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World War I: (1917-1918)

Above and Below: 138th Field Artillery Regiment training at Ft. Knox with the French 75 MM Gun, this was prior to their overseas deployment for the First World War (WWI).
Above and Below: 138th Field Artillery Regiment training at Ft. Knox with the French 75 MM Gun, this was prior to their overseas deployment for the First World War (WWI). Above and Below: 138th Field Artillery Regiment training at Ft. Knox with the French 75 MM Gun, this was prior to their overseas deployment for the First World War (WWI).

The threat of the entrance of the United States into World War I precipitated much military activity during the early part of April 1917. The passage of the Selective Service Act of 1917, which initiated the draft, froze volunteer recruiting for both the Regulars and the Guard. But meanwhile, a high-pressure recruiting campaign had swollen the Guard ranks to such an extent that it was able to field seventeen of the forty-two infantry divisions plus part of the personnel of the forty-five squadrons of the Army Air Corps and all other non-divisional components that also crossed the water to make up Pershing's well-rounded American Expeditionary Force. The Kentucky Adjutant General reported that, at a meeting of the National Guard Association, the delegates had heartily favored Federalization of various states' National Guards. Kentucky's recruiting was rapidly bringing the Guard up to its maximum peacetime strength. In April the National Guard, with the exception of those Guardsmen who had dependents, was ordered to begin mobilizing at Camp Stanley. Camp Stanley was about three miles out of Lexington on Versailles Road.

The Kentucky Brigade was moved to Camp Shelby, Mississippi, to join the 38th Regular Army Division. The Division had been organized in August 1917 from other National Guard groups of Kentucky, West Virginia and Indiana. This Division was designated as replacements, and in May of 1918 only the official skeleton of the 38th Division continued at the camp. Everyone else had been shipped overseas. Upon arrival in France, the 38th Division was sent to the LeMans area where it continued as a replacement division.

Kentucky units soon lost their identity, having been merged with other troops in various divisions, the chief of which were the First, Second, Third and Fourth of the 42nd Division. This later unit, known as the Rainbow Division, was composed of the National Guard of Kentucky and 25 other states. Activities of the Kentucky troops are contained in a brief report by General Pershing to the Secretary of War. General Pershing's report said that at Marshall Foch's request the First Division was transferred from the Toul Sector to Chaumont on Vexin and shortly after, on April 26, 1918, the Division went into the line on the Picardy battlefront. The Second Division, having been held in reserve near Montididier, was sent to check the progress of the Germans toward Paris. The Rainbow Division was on the line east of Rheims, where it held its position unflinchingly. The Third Division held the bank of the Marne opposite Chateau Thierry. A single regiment of the Third prevented the advance of the Germans. The Germans had gained a position that compelled this regiment to open fire in three directions, thereby repulsing the German troops, 600 of, which were taken prisoner. During July the Third Division made its way into Roncheres Wood and was relieved. The Rainbow Division captured Sergy, whereupon it was relieved. Kentucky troops fought in the front ranks in all of these engagements, which terminated in the reduction of the Marne Salient.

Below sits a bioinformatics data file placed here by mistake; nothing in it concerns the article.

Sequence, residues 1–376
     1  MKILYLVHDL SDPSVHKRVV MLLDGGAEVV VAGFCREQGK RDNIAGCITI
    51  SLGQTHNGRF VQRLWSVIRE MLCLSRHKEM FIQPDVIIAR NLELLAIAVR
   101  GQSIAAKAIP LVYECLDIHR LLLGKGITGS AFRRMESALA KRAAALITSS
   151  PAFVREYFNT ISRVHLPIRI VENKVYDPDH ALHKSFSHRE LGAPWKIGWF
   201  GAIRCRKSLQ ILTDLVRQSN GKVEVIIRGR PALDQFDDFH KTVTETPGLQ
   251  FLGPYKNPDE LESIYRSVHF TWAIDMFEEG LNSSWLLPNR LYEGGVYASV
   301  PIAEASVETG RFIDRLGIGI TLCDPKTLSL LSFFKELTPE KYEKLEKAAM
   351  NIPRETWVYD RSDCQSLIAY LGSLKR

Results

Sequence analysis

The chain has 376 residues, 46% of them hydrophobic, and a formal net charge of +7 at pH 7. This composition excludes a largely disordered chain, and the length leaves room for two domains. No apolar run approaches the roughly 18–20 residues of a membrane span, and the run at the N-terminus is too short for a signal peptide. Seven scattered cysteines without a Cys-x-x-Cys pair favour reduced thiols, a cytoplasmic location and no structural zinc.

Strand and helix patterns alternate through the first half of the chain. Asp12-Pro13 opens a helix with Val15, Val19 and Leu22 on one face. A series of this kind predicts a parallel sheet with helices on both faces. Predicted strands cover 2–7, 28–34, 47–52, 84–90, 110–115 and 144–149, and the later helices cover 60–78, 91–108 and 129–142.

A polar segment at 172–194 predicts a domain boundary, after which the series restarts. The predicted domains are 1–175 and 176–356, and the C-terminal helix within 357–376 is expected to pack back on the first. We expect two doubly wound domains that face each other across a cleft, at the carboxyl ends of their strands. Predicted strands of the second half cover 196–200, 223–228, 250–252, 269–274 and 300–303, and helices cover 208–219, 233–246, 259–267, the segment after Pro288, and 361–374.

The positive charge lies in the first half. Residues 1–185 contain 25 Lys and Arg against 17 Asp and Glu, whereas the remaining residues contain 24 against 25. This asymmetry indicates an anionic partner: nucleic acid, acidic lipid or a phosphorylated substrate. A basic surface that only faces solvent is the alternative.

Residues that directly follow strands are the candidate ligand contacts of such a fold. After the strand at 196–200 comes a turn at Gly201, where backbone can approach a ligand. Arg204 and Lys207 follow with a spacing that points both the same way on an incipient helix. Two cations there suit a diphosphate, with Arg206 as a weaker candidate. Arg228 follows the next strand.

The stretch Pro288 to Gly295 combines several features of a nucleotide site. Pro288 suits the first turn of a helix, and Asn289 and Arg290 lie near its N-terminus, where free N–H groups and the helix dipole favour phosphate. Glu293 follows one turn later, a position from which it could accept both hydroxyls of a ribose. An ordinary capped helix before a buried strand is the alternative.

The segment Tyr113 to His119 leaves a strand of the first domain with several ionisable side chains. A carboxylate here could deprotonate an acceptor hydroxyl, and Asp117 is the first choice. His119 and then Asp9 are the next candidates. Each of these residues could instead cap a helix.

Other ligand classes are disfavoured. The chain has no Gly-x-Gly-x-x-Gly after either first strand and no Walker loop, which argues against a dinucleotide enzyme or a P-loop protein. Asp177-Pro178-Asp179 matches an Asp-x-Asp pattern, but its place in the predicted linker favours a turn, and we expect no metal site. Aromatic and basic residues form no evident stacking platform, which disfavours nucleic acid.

In August the American Army under General Pershing took over the battle front from St. Michael to Verdun. On September 12 an attack was begun by the seven American divisions, which terminated in repulsing the salient commanded by the German Crown Prince. Thereupon the Americans turned toward Metz and Sedou. In the Battle of St. Michael, the Second, Third and Forty-second Divisions played a leading part, the First Division having been held in reserve. At the time of the Armistice, Kentucky troops were in advance to the American Army toward Sedou.

This is the medal presented by the citizens of Louisville to members of the Louisville Legion (138th FA) following their return from WWI service.  It is in the collection of KHS.
This is the medal presented by the citizens of Louisville to members of the Louisville Legion (138th FA) following their return from WWI service. It is in the collection of KHS.

Records of the United States War Department best show Kentucky's participation in World War I. A total of 84,172 persons from Kentucky served in the United States Army. This total included 80,009 enlisted men, 3,747 commissioned officers, 241 nurses, 153 army field clerks, and 22 United States Marine Cadets. A breakdown of these figures show that there were 12,759 men in the regular Army, 7,518 National Guardsmen, 2,526 in the Reserve Corps, 2,734 volunteers, and 58,635 drafted men. Seven Kentuckians were Army Major Generals, nine were Brigadier Generals, and 23 were Colonels. Distinguished aviators were Major Victor Strohm and Lieutenant Colonel J. O. Creech. Of the overall total 41,655 saw overseas duty, while 2,418 deaths occurred among Kentucky troops, 890 of which were battle deaths.

Two men with Kentucky backgrounds were awarded the Medal of Honor, Captain Samuel Woodfall and Sergeant Willie Sandlin. When General Pershing was asked to name the most gallant among all of America's heroes of the Great War, Captain Woodfall, resident of Fort Thomas, Kentucky, was among his selections. Sergeant Sandlin was a native from Buckhorn, Kentucky. In 2000, the family of Willie Sandlin donated his Medal of Honor to the Kentucky Military History Museum.

 

Last Updated 8/16/2007
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